> GRIZZLY ( Ursus arctos horribilis ) the AMERICAN BROWN BEAR <  
  
             
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Venezuela epaiva Offline
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(09-27-2018, 12:09 AM)brotherbear Wrote: http://www.actforlibraries.org/the-diet-...wolverine/  
 
The wolverine is often characterized as a ferocious carnivore. This large species of the Mustelidae (weasel) family definitely lives up to its name, more often than not devouring massive amounts of meat, but also consuming plant life on occasion. In fact, some scientists have even been able to link its genus name, Gulo to “glutton,” which can be defined as someone (or in this case, some thing) that loves food.
Although from its name one might image that a wolverine looks more like a wolf, it is much more muscular and smaller than a wolf. Adult wolverines can range in size from twenty-five to thirty-four inches in length. They also range in weight from twenty-two to sixty-six pounds.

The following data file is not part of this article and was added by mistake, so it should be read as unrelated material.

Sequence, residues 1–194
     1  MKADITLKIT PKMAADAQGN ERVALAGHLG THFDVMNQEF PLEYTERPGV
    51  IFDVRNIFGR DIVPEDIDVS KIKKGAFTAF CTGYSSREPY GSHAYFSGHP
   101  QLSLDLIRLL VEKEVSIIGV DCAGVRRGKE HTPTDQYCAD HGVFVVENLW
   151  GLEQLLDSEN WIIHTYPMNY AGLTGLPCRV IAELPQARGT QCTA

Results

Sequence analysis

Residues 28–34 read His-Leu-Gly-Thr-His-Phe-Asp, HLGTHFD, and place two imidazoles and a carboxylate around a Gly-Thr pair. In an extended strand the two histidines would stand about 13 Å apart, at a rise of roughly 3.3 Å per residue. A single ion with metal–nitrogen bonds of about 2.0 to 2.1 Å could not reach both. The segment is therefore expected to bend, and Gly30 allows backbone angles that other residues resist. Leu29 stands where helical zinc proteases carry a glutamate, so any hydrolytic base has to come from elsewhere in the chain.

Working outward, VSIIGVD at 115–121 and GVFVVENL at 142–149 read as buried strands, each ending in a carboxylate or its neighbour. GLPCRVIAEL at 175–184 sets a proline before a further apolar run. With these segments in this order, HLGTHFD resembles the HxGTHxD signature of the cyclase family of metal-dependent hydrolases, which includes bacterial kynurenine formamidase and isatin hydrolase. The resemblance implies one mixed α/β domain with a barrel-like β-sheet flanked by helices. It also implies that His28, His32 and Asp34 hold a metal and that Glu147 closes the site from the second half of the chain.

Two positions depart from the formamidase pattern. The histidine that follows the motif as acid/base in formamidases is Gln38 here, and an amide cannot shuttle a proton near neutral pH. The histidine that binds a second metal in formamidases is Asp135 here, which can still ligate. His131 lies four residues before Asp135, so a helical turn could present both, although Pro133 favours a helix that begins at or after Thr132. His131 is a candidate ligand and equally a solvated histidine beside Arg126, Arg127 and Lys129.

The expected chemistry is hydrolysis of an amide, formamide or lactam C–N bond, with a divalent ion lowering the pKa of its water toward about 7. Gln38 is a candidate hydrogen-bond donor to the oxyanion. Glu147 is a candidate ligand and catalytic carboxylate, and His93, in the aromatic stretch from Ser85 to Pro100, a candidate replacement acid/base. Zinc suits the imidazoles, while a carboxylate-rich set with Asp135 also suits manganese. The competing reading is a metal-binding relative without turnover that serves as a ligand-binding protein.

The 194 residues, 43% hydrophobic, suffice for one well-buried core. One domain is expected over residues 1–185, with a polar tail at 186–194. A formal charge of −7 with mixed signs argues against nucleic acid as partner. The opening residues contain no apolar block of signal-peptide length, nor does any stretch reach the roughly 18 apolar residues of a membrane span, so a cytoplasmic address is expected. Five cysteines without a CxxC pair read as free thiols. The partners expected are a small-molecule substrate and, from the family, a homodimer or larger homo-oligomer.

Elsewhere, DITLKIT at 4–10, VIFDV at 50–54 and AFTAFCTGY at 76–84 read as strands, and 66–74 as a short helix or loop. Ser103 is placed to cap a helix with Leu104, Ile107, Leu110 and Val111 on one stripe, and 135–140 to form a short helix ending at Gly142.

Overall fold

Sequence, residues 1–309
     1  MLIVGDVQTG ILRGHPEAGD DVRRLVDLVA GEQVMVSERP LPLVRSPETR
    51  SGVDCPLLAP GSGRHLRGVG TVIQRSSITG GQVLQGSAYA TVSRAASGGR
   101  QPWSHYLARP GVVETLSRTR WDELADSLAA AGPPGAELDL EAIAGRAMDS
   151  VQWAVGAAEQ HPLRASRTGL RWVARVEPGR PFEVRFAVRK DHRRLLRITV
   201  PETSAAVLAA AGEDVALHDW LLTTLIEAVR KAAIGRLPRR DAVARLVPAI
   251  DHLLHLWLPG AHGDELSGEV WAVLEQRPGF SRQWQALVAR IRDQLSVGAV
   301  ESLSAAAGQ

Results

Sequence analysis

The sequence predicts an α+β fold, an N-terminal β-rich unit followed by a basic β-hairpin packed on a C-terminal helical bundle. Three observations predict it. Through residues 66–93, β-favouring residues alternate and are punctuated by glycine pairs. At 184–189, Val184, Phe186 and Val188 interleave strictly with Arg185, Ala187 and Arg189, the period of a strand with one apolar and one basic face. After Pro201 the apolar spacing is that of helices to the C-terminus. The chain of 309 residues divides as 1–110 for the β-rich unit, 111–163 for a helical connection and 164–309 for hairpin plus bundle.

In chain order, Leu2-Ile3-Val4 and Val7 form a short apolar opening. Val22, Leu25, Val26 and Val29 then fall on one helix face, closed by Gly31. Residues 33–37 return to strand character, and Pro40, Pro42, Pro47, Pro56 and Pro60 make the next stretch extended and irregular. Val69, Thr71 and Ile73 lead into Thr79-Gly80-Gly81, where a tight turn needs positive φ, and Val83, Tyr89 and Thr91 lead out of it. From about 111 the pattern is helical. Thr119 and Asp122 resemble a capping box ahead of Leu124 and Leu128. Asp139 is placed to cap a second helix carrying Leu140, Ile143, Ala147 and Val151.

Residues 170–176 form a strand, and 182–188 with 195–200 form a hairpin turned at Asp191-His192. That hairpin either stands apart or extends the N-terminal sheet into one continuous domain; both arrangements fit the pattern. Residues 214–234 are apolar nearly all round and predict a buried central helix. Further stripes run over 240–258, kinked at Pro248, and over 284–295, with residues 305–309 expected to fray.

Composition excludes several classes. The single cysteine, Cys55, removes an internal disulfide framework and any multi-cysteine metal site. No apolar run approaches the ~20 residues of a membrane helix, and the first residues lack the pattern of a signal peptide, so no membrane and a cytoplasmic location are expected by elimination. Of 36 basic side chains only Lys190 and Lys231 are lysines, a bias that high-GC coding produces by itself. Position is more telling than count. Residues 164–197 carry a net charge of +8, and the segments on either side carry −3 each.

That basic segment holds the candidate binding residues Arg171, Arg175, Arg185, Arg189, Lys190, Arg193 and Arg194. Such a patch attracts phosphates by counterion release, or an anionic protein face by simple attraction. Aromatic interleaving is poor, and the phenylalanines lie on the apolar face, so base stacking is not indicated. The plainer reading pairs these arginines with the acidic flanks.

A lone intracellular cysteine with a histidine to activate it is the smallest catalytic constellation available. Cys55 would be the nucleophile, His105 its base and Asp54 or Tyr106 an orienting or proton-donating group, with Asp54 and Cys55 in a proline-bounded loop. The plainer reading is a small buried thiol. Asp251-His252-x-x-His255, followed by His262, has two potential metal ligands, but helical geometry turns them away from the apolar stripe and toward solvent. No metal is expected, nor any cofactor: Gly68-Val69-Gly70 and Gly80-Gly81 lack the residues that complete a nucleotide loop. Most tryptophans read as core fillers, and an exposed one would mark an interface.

Despite its relative small size, the wolverine displays the diet and feeding habits of classic predators that are often multiple times its size. Undeniably, the wolverine has massive jaws that are powerful enough to crush the frozen flesh they must often consume in their natural cold-weather habitats. But, in addition to powerful jaws, the wolverine also rely on a special molar in the back of their mouths to help them slash through dense meats and even rip their prey apart.

Overall, the wolverine’s diet consists mainly of meat. Wolverines will eat virtually any prey, and will usually not care about the size of their kill. They are vicious when it comes to their methods of consumption and they will tear through flesh easily. It is not uncommon to see a wolverine engaged in battle with a much larger animal (a competing predator) in order to take possession of a kill or a carcass.
@brotherbear
Very good information, Wolverines are incredible animals